Saturated fats linked to osteoarthritis: Are they?

beslenme An article published in the online edition of Daily Mail, "Coconut oil consumption instead of animal fats could reverse cartilage deterioration," has led to a new debate. The article is based on the results of a research suggesting that some fatty acids cause osteoarthritic-like changes in the knees of the rats

Australian scientists from different institutes who studied in this research, examined how the intake of carbohydrates and fatty acids in rats is related to the risk of metabolic syndrome and abdominal obesity as well as joint function.

The rats were divided into six groups according to the source of carbohydrates and fatty acids in their diet. Groups were fed a diet of only corn starch, simple carbohydrates, and various types of fat. The rate of fats to total energy intake was set at 20 percent. The only variable was the source of fatty acids.

Group 1: Corn starch
Group 2: High carbohydrate, high fat
Group 3: High carbohydrate, high lauric acid diet (found in coconut oil)
Group 4: High carbohydrate, high myristic acid (found in butter)
Group 5: High carbohydrate, high palmitic acid (found in palm oil)
Group 6: High carbohydrate, high stearic acid (found in animal tissues)

According to the results of the research study, metabolic syndrome symptoms appeared in all of the groups except for the rats fed with lauric acid. Rats fed with palmitic and stearic acids, which are long-chain fatty acids than lauric acid, were reported to develop similar changes to osteoarthritis symptoms in their knee joints. It was also reported that this pattern did not appear in rats fed with lauric and myristic acids. Results also indicated that further research is needed to clarify if replacing palmitic or stearic acid with lauric acid in a human diet can prevent osteoarthritis or metabolic syndrome.

How should these results be interpreted?

The research study assesses the effect of different saturated fatty acids on the risk of metabolic syndrome and osteoarthritis in rats. Although long-chain saturated fatty acids (stearic, palmitic acid) were shown more likely to trigger the risk of osteoarthritis than short-chain saturated fatty acids, this effect has not yet been demonstrated in human subjects.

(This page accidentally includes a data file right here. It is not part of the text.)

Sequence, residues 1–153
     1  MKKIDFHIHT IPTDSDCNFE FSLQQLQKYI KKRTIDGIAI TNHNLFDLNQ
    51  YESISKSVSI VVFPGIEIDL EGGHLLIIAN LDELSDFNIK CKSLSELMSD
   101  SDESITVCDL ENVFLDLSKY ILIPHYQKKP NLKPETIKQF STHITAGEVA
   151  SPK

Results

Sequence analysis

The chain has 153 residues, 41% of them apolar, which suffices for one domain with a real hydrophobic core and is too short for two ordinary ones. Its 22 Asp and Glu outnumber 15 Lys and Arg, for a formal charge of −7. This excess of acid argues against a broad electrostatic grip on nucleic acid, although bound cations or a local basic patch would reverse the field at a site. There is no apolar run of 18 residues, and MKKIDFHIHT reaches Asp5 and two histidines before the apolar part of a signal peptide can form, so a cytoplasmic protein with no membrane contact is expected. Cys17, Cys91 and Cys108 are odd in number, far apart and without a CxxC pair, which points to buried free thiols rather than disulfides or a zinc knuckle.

When the media published these results there was no mention that the research was conducted on rats. The media did not report that these effects, which occur in rats, may not apply to humans because of their differing physiological and biological mechanisms.

There is not enough evidence-based data on the preventive effects of lauric acid on metabolic syndrome and osteoarthritis. It is unclear whether rats fed a lauric acid-rich diet develop arthritis due to the preventive effect of lauric acid or the possible deleterious effects of long-chain saturated fatty acids.

What does scientific evidence say?

• The World Health Organization (WHO) recommends that no more than 30 percent of total daily calories should come from fat. In addition, the European Food Safety Authority (EFSA) suggests replacing saturated and trans-fatty acids with mono- and poly-unsaturated fatty acids.
• The World Health Organization (WHO) recommends that no more than 30 percent of total daily calories should come from fat. In addition, the European Food Safety Authority (EFSA) suggests replacing saturated and trans-fatty acids with mono- and poly-unsaturated fatty acids.
• According to a Cochrane review published in 2015, the risk of cardiovascular diseases decreases when saturated fats are replaced with unsaturated fats. However, it is unclear whether replacing saturated fats with monounsaturated fats affects risk of cardiovascular disease. No effects were seen in studies replacing saturated fat with carbohydrate or protein.

References
1. Xiao et al. Saturated fatty acids induce development of both metabolic syndrome and osteoarthritis in rats. Scientific Reports. 2017.
2. http://www.efsa.europa.eu/en/press/news/nda100326?wtrl=01
3. http://www.who.int/mediacentre/factsheets/fs394/en/
4. Hooper L, Martin N, Abdelhamid A, Davey Smith G. Reduction in saturated fat intake for cardiovascular disease. Cochrane Database of Systematic Reviews 2015, Issue 6. Art. No.: CD011737. DOI: 10.1002/14651858.CD011737.




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